So (sorry, apparently the dutch habit of starting every statement with ‘so’ has stuck). So, last weekend I subjected my body & bicycle to the torture of riding in the Ronde van Vlaanderen cyclo sportive, grand fondo, thing. This was the second time for me and I would like to go on the record as saying it was the last. Don’t get me wrong, the Ronde (pro race) is an incredible monument to cycle racing and an all together fun way to spend a weekend. However, there are a lot of organized amateur rides in Europe and only a couple of them require pummeling your nether regions into a bruised mess of swollen saddle soreness. I don’t care what anyone says after the fact, nobody likes riding on cobbles when they’re actually riding on cobbles. ‘Nuff said about that. Here’s the map of the route, including hill index:
I rode with a couple of good friends from Rotterdam, who were attending for their first time and apparently about 15,000 other people including George Hincapie! We rode the 133 km route, which includes all the hills (save one). This is by far the most popular route as it allows a common start and finish location (Oudenaarde) and eliminates the need to catch a 0530 shuttle bus to Brugge.
JJ & Steph administer last minute chain lube.
The morning got off to a cold start; when we woke up it was about 24 deg fahrenheit. It warmed up progressively throughout the day but was snowing on us the last couple kilometers.
The 1st hill (Koppenberg) came early in the day and was one of the steepest, including a section with a 22% gradient. Unfortunately the crowds hadn’t broken up yet and we were greeted by a bottle neck requiring everyone to climb the cobbled hill on foot. This is really difficult in plastic cleated sidis, best to work your way over to the muddy shoulder where the traction is a bit better.
There were a number of photographers along the route snapping shots of you at your best, which is where some of these pictures come from. Of course they were always on the cobbled sections & hills so all of my pictures show me with what I’ve labelled my ‘cobbles face’. It’s an expression born of cold weather, physical exertion and disbelief at my own stupidity for voluntarily doing this again.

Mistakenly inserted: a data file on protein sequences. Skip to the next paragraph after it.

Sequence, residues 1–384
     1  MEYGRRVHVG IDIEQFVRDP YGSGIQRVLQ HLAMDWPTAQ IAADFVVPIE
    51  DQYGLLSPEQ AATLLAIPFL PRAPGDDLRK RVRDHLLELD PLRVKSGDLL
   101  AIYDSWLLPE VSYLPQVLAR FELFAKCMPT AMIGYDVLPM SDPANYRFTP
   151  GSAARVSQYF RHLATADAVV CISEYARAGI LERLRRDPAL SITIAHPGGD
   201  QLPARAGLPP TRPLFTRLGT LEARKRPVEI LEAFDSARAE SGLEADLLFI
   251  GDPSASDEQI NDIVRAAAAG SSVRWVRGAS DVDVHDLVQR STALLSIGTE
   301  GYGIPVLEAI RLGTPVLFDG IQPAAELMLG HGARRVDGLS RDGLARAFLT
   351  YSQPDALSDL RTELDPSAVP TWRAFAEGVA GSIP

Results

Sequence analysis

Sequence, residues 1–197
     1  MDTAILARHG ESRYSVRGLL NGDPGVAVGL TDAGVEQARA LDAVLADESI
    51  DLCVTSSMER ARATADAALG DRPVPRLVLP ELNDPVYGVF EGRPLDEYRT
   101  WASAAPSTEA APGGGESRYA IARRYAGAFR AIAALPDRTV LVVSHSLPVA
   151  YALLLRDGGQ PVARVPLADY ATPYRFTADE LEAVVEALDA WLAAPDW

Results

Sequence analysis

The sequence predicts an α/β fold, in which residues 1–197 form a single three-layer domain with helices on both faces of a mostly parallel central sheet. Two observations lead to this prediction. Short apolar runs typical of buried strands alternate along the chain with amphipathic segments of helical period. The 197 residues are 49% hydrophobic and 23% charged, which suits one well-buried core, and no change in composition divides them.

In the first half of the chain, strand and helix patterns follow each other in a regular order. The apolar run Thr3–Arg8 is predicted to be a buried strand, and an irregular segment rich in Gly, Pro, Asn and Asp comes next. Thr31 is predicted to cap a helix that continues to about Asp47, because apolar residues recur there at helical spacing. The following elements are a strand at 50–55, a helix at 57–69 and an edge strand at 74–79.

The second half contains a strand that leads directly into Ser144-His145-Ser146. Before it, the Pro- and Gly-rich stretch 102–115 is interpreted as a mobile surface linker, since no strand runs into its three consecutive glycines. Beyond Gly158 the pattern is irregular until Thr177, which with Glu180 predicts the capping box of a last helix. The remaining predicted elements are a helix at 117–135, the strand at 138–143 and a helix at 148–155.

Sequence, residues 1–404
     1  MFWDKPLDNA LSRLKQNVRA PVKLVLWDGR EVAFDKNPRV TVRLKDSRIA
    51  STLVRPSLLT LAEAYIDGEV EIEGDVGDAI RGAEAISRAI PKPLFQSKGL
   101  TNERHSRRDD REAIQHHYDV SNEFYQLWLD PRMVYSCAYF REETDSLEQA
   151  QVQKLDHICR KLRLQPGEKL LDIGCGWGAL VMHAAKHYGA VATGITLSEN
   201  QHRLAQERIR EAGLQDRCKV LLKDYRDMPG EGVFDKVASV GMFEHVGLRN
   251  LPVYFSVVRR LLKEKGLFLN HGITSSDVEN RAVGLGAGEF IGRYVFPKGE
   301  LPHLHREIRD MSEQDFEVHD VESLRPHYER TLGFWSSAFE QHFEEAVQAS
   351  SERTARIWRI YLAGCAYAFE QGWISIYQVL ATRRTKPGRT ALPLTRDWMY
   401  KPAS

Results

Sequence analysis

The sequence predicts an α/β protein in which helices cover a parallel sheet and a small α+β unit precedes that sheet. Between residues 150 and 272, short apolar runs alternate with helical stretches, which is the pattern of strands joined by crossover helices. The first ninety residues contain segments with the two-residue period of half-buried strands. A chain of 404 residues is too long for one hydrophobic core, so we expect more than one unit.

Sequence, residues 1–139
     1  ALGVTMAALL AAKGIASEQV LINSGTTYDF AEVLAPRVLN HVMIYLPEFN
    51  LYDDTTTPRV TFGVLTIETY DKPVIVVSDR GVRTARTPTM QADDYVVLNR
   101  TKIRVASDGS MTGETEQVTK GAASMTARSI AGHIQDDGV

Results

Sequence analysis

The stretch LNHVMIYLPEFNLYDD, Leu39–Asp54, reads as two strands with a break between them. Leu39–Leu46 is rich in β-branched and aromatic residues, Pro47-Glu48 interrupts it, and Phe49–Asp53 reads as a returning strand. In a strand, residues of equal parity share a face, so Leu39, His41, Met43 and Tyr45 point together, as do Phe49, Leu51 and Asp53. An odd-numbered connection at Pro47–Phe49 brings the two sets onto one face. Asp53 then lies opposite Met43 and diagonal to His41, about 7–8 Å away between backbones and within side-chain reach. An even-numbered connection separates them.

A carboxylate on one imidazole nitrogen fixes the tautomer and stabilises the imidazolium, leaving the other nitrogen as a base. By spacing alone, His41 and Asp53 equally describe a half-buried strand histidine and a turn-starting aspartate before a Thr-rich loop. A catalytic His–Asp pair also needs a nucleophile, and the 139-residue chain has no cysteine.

A good example of ‘cobble face’. Hey, at least I’m not walking!
All the wonders that await you at the top of the hill, for sale by local entrepreneurs.
After crossing this finish line we took advantage of the free massage (thanks Skoda!) and powered through delicious braadwursts. After a brief game of hide and seek with our escape car we loaded up and headed back to the hotel to drain the hot water tank and bundle up in our warmest wool sweaters before heading into town for further nourishment and beer.
Of course the next day (easter) was the day of the actual race. The town was a bit less busy than last year, due to the holiday, but the racers didn’t slack off and provided a great day’s entertainment. Fabian Cancellara proved he still has what it takes by taking a masterful win over Peter Sagan. Brilliant.
Although less hyped, Marianne Vos won the women’s race. A well deserved win for perhaps the most dominant cyclist alive.
Spartacus’ team car.
We got into town in time to walk around a bit before the start of the women’s race.
Ladies on the way to the starting line.
Marianne Vos’ team car.
While walking around we saw the kid’s race roll through, very cool.
During the early part of the race we went through the museum dedicated to the race. It was definitely worth the hour or so. On display were all manner of racing relics and assorted old stuff. The film was pretty cool too.
They even have a bike rigged up on lumpy rollers as a cobble simulator!
My favorite daughter was home from Paris for the weekend so I was in a hurry to head back to Holland after the race. Instead of trekking out to one of the bergs to watch the rest of the race we watched from the safety of a nice warm pub with a bunch of thirsty locals. Very fun.
So, another successful Belgian biking weekend. Good times.
Bye for now,